IoT and 5G applications are used in everything from sensors and artificial intelligence to big data analytics, making everything not only connected but also smart. 5G will improve mobile broadband (eMBB) services and create enormous potential for new value-added wireless services through a wide range of new use cases. These new use cases include fiber-equivalent fixed wireless access (FWA) services, massive Internet of Things (IoT) services, and mission-critical IoTs – enabling new applications in automotive, manufacturing, energy and utilities, and health, among others.
How 5G is driving change in the Internet of Things (IoT)
5G was designed to increase the speed, reduce latency, and improve the flexibility of wireless services, creating an ocean of opportunity for individuals and businesses, driving innovation across industries and making IoT a integral part of the economy. The ubiquitous, high-speed connectivity offered by 5G will help control devices remotely in applications such as smart vehicles, transportation infrastructure or remote healthcare where real-time network performance is absolutely critical. Not only will this help connect and manage the growing number of sensors for machinery or consumer durables, but it will also add value to the IoT. Together, these technologies will help ecosystem collaborators refine large volumes of data from IoT platforms to convert them into intelligent, revenue-generating data models. For IoT-enabled devices, in addition to providing a world-class user experience with zero lag, 5G will offer secure connectivity at low cost, low power consumption, and contribute to massive and efficient machine-to-machine communication.
How 5G will enable new use cases
The unique 5G architecture, which enables the creation of multiple virtual networks with dedicated bandwidth for particular customer groups, can be tailored to specific IoT use cases. This network slicing could help expand IoT and make the services provided using this technology more efficient, cost effective and widespread. IoT demands the power of low latency, high network capacity, enhanced security, immediate large-scale data transports, and the ultra-reliability offered by 5G. Therefore, IoT and 5G complement each other naturally. This coupling can help manage a variety of use cases such as connected and autonomous vehicle technology, intelligent traffic management to handle traffic jams, industrial automation enabling efficient smart factories, gaming or reality applications. immersive and interactive augmented, remote healthcare, inventory tracking for the logistics industry and much more.
In the field of telematics, 5G is expected to play a huge role in the development of autonomous vehicles. Almost all models of cars and heavy vehicles will be equipped with features like advanced driver assistance system, automatic braking, collision avoidance, lane departure warning, etc. These new features will be supported by Vehicle to Vehicle (V2V) and Vehicle to Infrastructure Communication Capabilities (V2I). The vehicles will use the 5G network to communicate with other cars on the road, as well as the traffic lights and road management systems to provide a range of data to the driver: the number of cars on the road ahead, the level traffic congestion, hazards such as construction or accidents, and the estimated travel time to a given destination. This sophisticated level of machine-to-machine (M2M) communication will be essential for autonomous vehicle operations. In cars with Level 1 or Level 2 automation, IoT functions will take the form of a notification to the driver to slow down, issuing alerts from the infrastructure systems of the Department of Transportation. With automation level 3 and above, the car will be able to decelerate, activate the turn signals, change lanes and take any other action it deems necessary to avoid any danger. With this technology, accident costs are expected to drop steadily, as automated vehicles help compensate for human error.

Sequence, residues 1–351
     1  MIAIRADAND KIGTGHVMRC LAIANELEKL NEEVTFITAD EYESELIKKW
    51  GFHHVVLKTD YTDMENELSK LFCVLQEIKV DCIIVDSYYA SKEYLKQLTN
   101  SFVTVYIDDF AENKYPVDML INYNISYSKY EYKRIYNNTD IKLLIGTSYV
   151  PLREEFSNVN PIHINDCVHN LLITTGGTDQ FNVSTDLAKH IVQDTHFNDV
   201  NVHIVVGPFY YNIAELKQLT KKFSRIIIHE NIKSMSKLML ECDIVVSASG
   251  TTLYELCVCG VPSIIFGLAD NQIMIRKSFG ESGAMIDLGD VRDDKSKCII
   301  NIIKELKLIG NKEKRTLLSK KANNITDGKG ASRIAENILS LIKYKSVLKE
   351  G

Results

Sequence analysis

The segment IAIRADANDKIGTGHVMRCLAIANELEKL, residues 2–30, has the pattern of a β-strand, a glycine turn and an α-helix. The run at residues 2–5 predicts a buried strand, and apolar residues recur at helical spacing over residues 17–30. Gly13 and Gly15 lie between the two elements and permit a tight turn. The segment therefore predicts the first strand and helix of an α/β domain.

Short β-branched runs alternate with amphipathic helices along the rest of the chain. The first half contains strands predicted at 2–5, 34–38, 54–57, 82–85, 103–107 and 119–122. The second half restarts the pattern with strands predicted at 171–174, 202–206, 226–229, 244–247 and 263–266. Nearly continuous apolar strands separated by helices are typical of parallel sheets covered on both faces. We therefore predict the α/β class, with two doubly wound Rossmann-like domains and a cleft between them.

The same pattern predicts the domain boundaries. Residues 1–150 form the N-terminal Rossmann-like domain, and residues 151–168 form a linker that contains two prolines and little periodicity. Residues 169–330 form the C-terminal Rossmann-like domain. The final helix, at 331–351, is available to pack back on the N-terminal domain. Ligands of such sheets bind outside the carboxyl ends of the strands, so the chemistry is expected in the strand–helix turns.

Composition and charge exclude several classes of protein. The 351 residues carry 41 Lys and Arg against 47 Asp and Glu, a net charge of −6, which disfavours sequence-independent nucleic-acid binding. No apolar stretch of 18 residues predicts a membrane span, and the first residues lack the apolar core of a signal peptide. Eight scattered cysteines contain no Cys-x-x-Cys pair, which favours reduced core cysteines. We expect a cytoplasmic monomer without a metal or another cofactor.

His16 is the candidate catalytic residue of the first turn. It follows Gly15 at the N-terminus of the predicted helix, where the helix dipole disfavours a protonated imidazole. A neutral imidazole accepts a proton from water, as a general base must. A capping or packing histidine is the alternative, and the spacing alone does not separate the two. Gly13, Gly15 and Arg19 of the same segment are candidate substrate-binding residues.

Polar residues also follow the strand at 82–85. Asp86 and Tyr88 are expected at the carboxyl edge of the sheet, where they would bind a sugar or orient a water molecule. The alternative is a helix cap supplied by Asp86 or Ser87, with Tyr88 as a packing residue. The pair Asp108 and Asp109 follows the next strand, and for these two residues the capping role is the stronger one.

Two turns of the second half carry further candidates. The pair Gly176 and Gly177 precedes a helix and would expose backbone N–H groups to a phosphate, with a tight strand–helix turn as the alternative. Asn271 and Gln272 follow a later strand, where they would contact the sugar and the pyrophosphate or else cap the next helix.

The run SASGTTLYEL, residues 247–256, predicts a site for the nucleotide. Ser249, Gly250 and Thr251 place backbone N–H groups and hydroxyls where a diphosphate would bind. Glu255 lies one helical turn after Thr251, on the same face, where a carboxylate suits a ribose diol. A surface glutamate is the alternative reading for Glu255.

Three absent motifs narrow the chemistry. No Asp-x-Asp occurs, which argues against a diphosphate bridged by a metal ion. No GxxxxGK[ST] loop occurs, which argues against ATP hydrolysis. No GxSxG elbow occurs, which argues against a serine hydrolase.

Opportunities that 5G and edge computing will create
A distributed computing framework such as edge computing that brings business applications closer to data sources such as IoT devices can help analyze data locally, provide near real-time insights and predictive analytics to influence processes. operational. It addresses the need for localized computing power and is expected to create and process over 50% of business-generated data outside of the traditional centralized data center or cloud, compared to 10% currently. Once the speed of 5G and the processing capabilities of edge computing combine, it creates huge opportunities for applications requiring low latency. Some of them could be real-time process optimization in manufacturing facilities, telehealth applications in healthcare for diagnosis or remote monitoring, video analysis for monitoring, inspection visualization of the infrastructure to identify potential faults or maintenance needs, real-time energy consumption monitoring through sensors and IoT devices connected to a peripheral platform in factories or offices, immersive training and experience of supervising employees in the workplace, improving content delivery via video feed or web pages or even processing data from smart home devices dependent on IoT. These are just a few of the many use cases made possible by 5G and advanced computing across multiple industries; the possibilities are endless.
For me, the time has come when our industry is going to be totally disrupted with IoT and 5G across the value chain and not just the manufacturing units. It will power advanced automation across all departments, breaking down silos between functions, transforming manufacturing shops from supply chain to asset and fleet management, but also redefining business and business models for sectors. vehicle sales, after-sales, financing, leasing and insurance.
The author is President of IET India, Future Tech Panel.